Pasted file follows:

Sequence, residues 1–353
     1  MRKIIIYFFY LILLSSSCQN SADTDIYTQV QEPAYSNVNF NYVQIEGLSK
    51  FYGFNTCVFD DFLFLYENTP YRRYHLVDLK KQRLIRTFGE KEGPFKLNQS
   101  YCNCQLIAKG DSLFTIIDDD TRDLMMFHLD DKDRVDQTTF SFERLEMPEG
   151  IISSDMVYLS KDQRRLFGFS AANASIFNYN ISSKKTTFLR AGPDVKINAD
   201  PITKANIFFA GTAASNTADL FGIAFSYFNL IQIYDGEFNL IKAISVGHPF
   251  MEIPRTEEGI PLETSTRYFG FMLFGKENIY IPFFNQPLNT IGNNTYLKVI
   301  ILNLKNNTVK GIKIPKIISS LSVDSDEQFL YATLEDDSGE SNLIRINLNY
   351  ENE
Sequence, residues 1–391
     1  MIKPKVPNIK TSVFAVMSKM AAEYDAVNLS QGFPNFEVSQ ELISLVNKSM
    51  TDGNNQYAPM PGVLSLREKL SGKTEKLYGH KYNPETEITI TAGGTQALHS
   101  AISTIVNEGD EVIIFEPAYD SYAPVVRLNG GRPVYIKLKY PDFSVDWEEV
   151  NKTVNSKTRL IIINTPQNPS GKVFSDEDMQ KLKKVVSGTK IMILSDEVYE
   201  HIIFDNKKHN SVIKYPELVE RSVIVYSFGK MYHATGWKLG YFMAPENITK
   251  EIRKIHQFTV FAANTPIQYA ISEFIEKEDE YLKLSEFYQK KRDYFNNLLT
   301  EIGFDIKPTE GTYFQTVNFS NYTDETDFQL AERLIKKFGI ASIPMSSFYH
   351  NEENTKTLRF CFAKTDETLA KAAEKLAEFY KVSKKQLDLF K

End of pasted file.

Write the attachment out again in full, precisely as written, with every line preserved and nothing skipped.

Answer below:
Sequence, residues 1–353
     1  MRKIIIYFFY LILLSSSCQN SADTDIYTQV QEPAYSNVNF NYVQIEGLSK
    51  FYGFNTCVFD DFLFLYENTP YRRYHLVDLK KQRLIRTFGE KEGPFKLNQS
   101  YCNCQLIAKG DSLFTIIDDD TRDLMMFHLD DKDRVDQTTF SFERLEMPEG
   151  IISSDMVYLS KDQRRLFGFS AANASIFNYN ISSKKTTFLR AGPDVKINAD
   201  PITKANIFFA GTAASNTADL FGIAFSYFNL IQIYDGEFNL IKAISVGHPF
   251  MEIPRTEEGI PLETSTRYFG FMLFGKENIY IPFFNQPLNT IGNNTYLKVI
   301  ILNLKNNTVK GIKIPKIISS LSVDSDEQFL YATLEDDSGE SNLIRINLNY
   351  ENE
Sequence, residues 1–391
     1  MIKPKVPNIK TSVFAVMSKM AAEYDAVNLS QGFPNFEVSQ ELISLVNKSM
    51  TDGNNQYAPM PGVLSLREKL SGKTEKLYGH KYNPETEITI TAGGTQALHS
   101  AISTIVNEGD EVIIFEPAYD SYAPVVRLNG GRPVYIKLKY PDFSVDWEEV
   151  NKTVNSKTRL IIINTPQNPS GKVFSDEDMQ KLKKVVSGTK IMILSDEVYE
   201  HIIFDNKKHN SVIKYPELVE RSVIVYSFGK MYHATGWKLG YFMAPENITK
   251  EIRKIHQFTV FAANTPIQYA ISEFIEKEDE YLKLSEFYQK KRDYFNNLLT
   301  EIGFDIKPTE GTYFQTVNFS NYTDETDFQL AERLIKKFGI ASIPMSSFYH
   351  NEENTKTLRF CFAKTDETLA KAAEKLAEFY KVSKKQLDLF K